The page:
As Yuuichi Tam has pointed out in a comment, you have misread 一回性 as 一同性. This error is compounded by your assumption that 一同性 has something to do with same-sex marriage. It does not. (In fact, as far as I know 一同性 isn't really a word, though of course 一同 is.) The meaning of 一回性 is difficult to convey in a single word or short phrase in English, but it refers to the nature or quality of an event that is unique and occurs only once, never to be repeated in the same way.
I haven't read Hirosue's work, but judging by the context it would appear that when he writes of the 一回性 of the sacred, he has in mind the temporary but often very dramatic suspension of ordinary mores and norms that occurred during religious events like the matsuri in premodern times. A somewhat analogous atmosphere of licensed misbehavior prevailed in theatre districts and pleasure quarters during the Edo period, with the crucial distinction that it was not fleeting, but permanent. In such spaces, behavior that was normally forbidden (or was permitted only for a short time within the carefully defined physical and social space of a religious event), was allowed to continue on an ongoing basis. That's what Hirosue is getting at when he writes 「本来、持続してはならないものが持続しており、そのために、恣意的に関係を結ぶことも可能になるような場が、悪場所であった」. (The arbitrarily formed relationships referenced here are presumably those between prostitutes and their clients, and between some kabuki actors and their admirers.)
In light of the above, we can translate the first sentence you asked about as follows:
In such spaces, the unique, never-to-be-repeated character of the sacred is negated. Moreover, the sacred never completely lapses into the quotidian profane, but instead always remains in existence in the other realm [i.e., the world outside the pleasure quarters]. Thus, the sacred contains the shadow of evil.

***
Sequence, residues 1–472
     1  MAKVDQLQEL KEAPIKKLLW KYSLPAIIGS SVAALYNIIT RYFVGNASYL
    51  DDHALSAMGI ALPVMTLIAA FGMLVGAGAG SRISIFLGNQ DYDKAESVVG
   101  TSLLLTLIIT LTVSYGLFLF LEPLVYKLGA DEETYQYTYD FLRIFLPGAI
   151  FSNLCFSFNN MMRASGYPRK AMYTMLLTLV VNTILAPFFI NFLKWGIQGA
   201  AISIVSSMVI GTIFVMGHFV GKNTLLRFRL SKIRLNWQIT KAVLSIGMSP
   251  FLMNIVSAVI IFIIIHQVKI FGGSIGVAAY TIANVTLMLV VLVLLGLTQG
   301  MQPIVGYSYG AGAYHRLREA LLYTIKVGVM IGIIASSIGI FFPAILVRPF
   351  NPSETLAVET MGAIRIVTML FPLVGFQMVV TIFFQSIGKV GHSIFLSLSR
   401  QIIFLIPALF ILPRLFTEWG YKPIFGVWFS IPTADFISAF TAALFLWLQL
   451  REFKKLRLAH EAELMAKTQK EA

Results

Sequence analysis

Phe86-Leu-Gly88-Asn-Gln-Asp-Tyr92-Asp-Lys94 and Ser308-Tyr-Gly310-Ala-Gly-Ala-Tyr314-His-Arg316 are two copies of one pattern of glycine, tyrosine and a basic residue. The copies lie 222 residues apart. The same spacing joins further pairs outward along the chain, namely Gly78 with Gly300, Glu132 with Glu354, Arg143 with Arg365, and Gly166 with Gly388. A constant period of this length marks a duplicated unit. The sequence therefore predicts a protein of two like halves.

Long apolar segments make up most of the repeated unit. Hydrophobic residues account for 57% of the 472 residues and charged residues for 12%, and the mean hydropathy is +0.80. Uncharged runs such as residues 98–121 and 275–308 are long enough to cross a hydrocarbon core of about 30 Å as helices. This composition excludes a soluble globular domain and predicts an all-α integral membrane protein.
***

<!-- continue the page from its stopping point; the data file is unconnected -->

The assertion that the sacred contains the shadow of evil seems like something of a non sequitur; maybe the connection is elucidated in the original text. But the gist of the sentence as a whole seems pretty clear, if rather abstract: On the one hand, within these "bad places," the special nature of the sacred that obtains elsewhere -- its 一回性 -- is denied or subverted. But on the other hand, for those within these spaces, that which is sacred (or sacrality itself) never loses its sacredness and becomes ordinary, as it inevitably must elsewhere. Instead, it exists permanently in its ideal state, albeit at a remove.
As for your second question, I'd translate that sentence as "When we speak of 'bad places,' we are generally referring to theatre districts and pleasure quarters." If you aren't familiar with this usage of なる, I suspect you can find an explanation of it elsewhere on this site.